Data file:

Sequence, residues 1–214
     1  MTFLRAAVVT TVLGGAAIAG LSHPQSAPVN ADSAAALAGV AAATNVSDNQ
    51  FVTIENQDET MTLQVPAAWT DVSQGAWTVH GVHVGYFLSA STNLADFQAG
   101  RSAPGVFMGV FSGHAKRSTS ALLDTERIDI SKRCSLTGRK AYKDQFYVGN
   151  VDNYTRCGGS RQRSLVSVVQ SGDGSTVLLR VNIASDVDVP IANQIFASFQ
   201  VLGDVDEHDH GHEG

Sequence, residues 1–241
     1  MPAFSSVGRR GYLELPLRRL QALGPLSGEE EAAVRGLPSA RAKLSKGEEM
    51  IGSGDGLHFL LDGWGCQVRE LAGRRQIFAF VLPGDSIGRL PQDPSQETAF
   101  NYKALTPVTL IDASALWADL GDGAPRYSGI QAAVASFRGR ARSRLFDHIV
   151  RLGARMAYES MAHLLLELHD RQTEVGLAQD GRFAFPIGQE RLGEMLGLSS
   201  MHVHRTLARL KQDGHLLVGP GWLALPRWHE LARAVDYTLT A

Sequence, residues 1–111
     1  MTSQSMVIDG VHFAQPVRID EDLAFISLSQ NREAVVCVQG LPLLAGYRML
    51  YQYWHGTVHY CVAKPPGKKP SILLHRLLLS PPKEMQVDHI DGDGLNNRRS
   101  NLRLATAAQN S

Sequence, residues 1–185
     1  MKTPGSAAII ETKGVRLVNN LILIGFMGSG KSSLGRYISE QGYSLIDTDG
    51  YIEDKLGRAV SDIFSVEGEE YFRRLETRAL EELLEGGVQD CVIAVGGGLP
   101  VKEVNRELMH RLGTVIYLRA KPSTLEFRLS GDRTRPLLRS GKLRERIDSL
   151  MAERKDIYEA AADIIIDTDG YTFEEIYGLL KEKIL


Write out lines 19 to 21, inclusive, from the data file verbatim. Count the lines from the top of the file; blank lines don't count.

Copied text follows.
    51  YIEDKLGRAV SDIFSVEGEE YFRRLETRAL EELLEGGVQD CVIAVGGGLP
   101  VKEVNRELMH RLGTVIYLRA KPSTLEFRLS GDRTRPLLRS GKLRERIDSL
   151  MAERKDIYEA AADIIIDTDG YTFEEIYGLL KEKIL